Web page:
Hello Fellow Readers,
Leaf cleanup is underway, which brings me to the subject of leaf manners. It’s not neighborly to put your leaves into other folks’ woods or fields without permission. And, unless your town has a leaf-sucking-up program (curbside vacuuming), putting them in the street is not a polite solution either, as they will blow onto your neighbor’s property.
Bagging leaves into plastic bags that end up in landfills is a sad fate. But if your town collects paper sacks and brings them to a compost facility, the future of your leaves can be happy.
Better yet, why not use your leaves? Leaf mold is composted leaves packed with minerals. When added to your garden, they feed earthworms and beneficial microbes, lighten clay soils, and help retain moisture.
First, shred up your leaves if you can. Shredding leaves prevents them from packing together into layers that won’t allow air or water to penetrate readily. And it reduces the volume dramatically. If you don’t have a leaf shredder, let the leaves pile up on the lawn and then drive over them a few times with the lawnmower.
You can make leaf mold by merely raking the leaves into a big pile and letting them decompose naturally. If shredded, they will decompose faster, but you can still make leaf mold without shredding. I added used coffee grounds to our leaf pile to help further accelerate decomposing. After one to three years, the fungus will break down the leaves into a rich, earthy-smelling black material, much like compost.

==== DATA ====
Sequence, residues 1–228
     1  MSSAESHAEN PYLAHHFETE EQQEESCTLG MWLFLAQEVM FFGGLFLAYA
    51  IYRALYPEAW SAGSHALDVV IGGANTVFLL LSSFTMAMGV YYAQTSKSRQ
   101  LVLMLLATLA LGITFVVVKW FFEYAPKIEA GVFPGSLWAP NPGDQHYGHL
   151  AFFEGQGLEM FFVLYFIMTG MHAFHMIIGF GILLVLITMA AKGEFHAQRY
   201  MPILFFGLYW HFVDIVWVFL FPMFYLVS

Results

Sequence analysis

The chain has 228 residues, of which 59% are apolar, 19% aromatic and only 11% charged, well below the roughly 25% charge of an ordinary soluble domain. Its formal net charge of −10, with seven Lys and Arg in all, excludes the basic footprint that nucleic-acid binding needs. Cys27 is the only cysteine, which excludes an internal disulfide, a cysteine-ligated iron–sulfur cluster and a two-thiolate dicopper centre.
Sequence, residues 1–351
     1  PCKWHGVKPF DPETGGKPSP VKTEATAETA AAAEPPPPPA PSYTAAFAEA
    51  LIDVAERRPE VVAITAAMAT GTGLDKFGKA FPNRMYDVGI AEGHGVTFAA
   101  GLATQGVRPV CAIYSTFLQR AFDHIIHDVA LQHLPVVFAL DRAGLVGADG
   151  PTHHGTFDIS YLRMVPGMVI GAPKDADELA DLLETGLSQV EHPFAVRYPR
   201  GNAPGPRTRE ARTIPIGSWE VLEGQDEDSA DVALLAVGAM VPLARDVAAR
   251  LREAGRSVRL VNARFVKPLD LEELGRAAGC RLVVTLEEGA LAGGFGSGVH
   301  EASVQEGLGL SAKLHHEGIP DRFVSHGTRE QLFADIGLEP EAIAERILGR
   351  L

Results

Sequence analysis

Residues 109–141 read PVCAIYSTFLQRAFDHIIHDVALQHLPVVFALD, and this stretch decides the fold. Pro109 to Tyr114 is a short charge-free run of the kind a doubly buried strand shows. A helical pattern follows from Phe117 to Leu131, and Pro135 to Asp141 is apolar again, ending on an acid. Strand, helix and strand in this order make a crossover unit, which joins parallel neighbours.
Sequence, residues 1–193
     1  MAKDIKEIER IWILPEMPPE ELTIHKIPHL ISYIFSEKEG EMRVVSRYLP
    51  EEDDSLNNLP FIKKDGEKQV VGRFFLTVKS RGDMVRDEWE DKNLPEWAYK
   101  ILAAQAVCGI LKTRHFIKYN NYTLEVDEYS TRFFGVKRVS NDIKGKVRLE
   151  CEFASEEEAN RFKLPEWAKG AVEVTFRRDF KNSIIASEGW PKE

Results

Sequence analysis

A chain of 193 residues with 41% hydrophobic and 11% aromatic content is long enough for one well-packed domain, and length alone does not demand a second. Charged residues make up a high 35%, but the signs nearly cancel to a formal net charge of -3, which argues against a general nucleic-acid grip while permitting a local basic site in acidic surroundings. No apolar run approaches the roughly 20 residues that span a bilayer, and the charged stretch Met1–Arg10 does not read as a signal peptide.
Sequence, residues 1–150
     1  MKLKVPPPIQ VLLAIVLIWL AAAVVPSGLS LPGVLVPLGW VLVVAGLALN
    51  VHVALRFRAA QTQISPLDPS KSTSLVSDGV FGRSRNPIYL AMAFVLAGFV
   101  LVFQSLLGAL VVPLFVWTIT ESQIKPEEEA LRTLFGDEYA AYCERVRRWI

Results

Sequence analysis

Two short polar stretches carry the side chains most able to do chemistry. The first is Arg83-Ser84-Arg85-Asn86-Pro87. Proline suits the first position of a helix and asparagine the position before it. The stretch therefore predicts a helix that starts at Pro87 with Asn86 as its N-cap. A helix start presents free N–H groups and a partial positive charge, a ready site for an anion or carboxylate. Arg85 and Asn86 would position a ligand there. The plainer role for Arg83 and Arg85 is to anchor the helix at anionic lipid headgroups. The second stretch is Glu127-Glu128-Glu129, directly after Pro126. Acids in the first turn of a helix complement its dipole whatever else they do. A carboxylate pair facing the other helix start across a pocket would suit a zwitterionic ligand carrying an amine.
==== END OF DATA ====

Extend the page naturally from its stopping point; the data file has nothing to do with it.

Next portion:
There is a technique to make leaf mold in plastic bags punched with holes. Add water to moisten and a scoop of soil, which reduces the time it takes to make leaf mold down to six to twelve months.
You can dig the nutrient-rich leaf mold into your vegetable garden or add it to garden beds. Mixed into container gardens and pots will prevent the soil from drying out so quickly. Or rather than digging it in, you can apply leaf mold as you would mulch. If you don’t like the way leaves look, you can top-dress them with a thin layer of purchased mulch – aged hemlock mulch is my fav. Please avoid using mulch dyed into colors, which can negatively impact plant health.
Helping the well-being of our earth by minding our manners (and recycling leaves) rocks.
Garden dilemmas? AskMaryStone@gmail.com
There’s more to the story in Episode 5 of the Garden Dilemmas Podcast:
Check out a previous column – Leaf Mold – Better than Mulch.